Calgarians We Love: Annalee Coakley

Annalee Coakley is the physician lead at the Mosaic Refugee Health Clinic, where she advocates for the medical needs of her patients.

Photograph by Jared Sych.

When Dr. Annalee Coakley enrolled at the prestigious London School of Hygiene & Tropical Medicine in 2009, she dreamed of a career treating tropical infectious diseases. Back in Calgary, Coakley realized opportunities to practice this kind of medicine were limited, so she changed course and ended up at the Mosaic Refugee Health Clinic. There, she developed such an affinity for her patients that she took over as physician lead in 2012.

Since joining the Mosaic clinic, Coakley has worked directly with groups of Syrian, Yazidi and, most recently, Afghan refugees, and also helped address COVID-19 breakouts and vaccine clinics in Alberta’s meat-packing plants. Her work has evolved into advocacy, as in 2012, when federal government cuts to refugee-health programs left her having to fight for her patients to receive adequate funding for their medical needs. The influx of Yazidi refugees fleeing ISIS in 2017 was particularly challenging — many suffered the impact of severe psychological trauma, and Canadian policy meant countless people were separated from their only surviving family members with no mechanism for reunion. Coakley had to act as a lifeline to try to help these survivors find a sense of community to begin the road to physical and mental recovery.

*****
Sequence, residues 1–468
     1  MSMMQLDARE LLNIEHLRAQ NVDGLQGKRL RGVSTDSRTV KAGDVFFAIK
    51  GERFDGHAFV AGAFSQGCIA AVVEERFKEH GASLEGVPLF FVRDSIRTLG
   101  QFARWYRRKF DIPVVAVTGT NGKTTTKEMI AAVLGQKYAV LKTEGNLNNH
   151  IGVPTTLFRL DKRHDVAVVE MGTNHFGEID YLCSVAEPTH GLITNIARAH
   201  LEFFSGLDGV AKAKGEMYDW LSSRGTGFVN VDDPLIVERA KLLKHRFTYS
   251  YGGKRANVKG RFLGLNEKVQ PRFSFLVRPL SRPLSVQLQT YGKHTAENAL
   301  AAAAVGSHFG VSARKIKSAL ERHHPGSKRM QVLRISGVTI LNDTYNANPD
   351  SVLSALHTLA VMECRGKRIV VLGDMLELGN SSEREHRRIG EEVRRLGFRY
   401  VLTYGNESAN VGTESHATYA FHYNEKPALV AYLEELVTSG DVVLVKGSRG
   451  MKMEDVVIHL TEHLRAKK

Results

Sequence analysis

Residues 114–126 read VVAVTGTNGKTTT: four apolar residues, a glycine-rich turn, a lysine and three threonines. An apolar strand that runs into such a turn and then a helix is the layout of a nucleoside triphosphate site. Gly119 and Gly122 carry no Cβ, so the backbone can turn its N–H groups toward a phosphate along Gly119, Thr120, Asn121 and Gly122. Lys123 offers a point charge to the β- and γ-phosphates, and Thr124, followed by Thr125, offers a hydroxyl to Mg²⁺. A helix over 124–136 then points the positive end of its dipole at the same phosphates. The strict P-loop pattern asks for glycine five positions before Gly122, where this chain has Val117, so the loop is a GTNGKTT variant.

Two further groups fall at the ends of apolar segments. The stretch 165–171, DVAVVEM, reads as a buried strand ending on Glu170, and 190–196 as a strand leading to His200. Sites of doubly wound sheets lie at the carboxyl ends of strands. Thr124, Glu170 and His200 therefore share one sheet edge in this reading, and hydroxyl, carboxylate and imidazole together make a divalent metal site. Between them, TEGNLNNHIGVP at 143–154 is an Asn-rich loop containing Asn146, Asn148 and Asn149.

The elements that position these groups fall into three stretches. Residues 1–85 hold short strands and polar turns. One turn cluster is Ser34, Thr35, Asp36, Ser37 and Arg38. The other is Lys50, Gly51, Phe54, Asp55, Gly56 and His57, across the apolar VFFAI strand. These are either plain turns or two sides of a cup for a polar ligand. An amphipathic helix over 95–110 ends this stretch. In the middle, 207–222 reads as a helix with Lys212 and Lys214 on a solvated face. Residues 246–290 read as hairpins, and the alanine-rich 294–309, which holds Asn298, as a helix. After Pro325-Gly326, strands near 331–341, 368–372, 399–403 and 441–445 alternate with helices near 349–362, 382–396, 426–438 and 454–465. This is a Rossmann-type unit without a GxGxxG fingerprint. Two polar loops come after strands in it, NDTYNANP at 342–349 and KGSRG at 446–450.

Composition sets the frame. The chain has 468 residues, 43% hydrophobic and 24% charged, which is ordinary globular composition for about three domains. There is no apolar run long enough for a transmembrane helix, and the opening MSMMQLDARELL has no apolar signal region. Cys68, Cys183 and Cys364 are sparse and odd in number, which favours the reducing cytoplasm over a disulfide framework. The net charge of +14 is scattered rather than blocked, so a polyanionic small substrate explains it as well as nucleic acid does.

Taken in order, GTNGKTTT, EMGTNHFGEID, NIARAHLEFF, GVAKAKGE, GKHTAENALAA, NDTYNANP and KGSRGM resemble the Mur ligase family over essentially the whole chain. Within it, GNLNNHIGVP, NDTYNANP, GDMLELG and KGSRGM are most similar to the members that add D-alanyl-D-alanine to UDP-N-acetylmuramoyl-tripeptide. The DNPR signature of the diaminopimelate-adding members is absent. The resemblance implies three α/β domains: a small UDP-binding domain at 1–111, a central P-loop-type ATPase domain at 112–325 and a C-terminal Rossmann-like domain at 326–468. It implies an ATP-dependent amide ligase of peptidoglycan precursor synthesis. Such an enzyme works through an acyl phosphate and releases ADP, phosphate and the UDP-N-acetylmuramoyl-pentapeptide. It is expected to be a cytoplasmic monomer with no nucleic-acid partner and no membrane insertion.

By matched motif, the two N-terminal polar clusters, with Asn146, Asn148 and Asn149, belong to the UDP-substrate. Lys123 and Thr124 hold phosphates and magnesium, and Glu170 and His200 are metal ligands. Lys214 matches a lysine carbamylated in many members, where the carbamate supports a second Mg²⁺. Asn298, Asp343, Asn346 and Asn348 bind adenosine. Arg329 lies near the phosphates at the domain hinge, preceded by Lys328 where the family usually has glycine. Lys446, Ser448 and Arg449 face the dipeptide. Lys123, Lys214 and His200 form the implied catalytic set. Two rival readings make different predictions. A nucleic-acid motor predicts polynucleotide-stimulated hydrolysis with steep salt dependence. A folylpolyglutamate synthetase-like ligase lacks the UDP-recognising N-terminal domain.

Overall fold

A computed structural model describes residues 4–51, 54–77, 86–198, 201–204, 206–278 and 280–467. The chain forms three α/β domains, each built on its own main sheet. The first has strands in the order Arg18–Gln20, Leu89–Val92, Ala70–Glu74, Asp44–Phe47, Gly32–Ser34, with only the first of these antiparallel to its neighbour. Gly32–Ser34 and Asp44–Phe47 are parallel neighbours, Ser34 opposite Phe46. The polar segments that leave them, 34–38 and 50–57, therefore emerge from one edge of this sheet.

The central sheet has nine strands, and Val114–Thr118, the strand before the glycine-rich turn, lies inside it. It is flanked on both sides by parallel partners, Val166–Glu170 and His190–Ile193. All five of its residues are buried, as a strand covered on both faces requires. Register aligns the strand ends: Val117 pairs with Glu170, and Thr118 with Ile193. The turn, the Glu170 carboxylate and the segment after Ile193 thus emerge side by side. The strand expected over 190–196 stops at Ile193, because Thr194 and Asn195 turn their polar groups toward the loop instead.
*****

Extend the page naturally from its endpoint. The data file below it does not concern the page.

“You’re forced into an advocacy role so that people can form a network of supports. You have to engage in that to address their health needs,” Coakley says. “I do this work so people can resettle successfully and eventually thrive in Calgary and in Canada. They eventually do very well once those supports are in place.”

Throughout it all, Coakley maintains her sense of humour and takes long cycling trips to let off steam. While she admits to sometimes feeling overwhelmed, the constant influx and changing nature of the people coming into her clinic keeps her charged. “I was so tired at the end of June after the vaccine clinics and then we started to receive the Afghan refugees and I was just rejuvenated,” she says. “They’re a really interesting group and have such a positive energy that rubs off on me.”

Photograph by Jared Sych.

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This article appears in the January 2022 issue of Avenue Calgary.

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